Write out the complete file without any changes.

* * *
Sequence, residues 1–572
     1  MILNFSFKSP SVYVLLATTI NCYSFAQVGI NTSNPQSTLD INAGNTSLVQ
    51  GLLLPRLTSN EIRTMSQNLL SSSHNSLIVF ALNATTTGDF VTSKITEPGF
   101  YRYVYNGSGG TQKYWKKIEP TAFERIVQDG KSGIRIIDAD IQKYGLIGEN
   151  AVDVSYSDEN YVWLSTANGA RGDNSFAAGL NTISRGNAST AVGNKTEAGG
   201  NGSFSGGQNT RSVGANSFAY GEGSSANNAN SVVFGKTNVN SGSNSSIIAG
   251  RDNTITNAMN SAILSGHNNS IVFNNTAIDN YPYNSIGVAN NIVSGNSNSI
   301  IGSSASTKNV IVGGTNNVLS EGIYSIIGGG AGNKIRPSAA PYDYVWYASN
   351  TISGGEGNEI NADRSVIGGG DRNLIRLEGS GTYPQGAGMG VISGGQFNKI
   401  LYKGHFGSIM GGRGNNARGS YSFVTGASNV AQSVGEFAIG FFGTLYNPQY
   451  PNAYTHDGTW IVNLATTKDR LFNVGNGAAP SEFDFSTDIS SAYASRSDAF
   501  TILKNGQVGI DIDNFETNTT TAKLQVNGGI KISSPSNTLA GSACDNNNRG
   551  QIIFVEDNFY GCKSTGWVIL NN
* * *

Sequence, residues 1–572
     1  MILNFSFKSP SVYVLLATTI NCYSFAQVGI NTSNPQSTLD INAGNTSLVQ
    51  GLLLPRLTSN EIRTMSQNLL SSSHNSLIVF ALNATTTGDF VTSKITEPGF
   101  YRYVYNGSGG TQKYWKKIEP TAFERIVQDG KSGIRIIDAD IQKYGLIGEN
   151  AVDVSYSDEN YVWLSTANGA RGDNSFAAGL NTISRGNAST AVGNKTEAGG
   201  NGSFSGGQNT RSVGANSFAY GEGSSANNAN SVVFGKTNVN SGSNSSIIAG
   251  RDNTITNAMN SAILSGHNNS IVFNNTAIDN YPYNSIGVAN NIVSGNSNSI
   301  IGSSASTKNV IVGGTNNVLS EGIYSIIGGG AGNKIRPSAA PYDYVWYASN
   351  TISGGEGNEI NADRSVIGGG DRNLIRLEGS GTYPQGAGMG VISGGQFNKI
   401  LYKGHFGSIM GGRGNNARGS YSFVTGASNV AQSVGEFAIG FFGTLYNPQY
   451  PNAYTHDGTW IVNLATTKDR LFNVGNGAAP SEFDFSTDIS SAYASRSDAF
   501  TILKNGQVGI DIDNFETNTT TAKLQVNGGI KISSPSNTLA GSACDNNNRG
   551  QIIFVEDNFY GCKSTGWVIL NN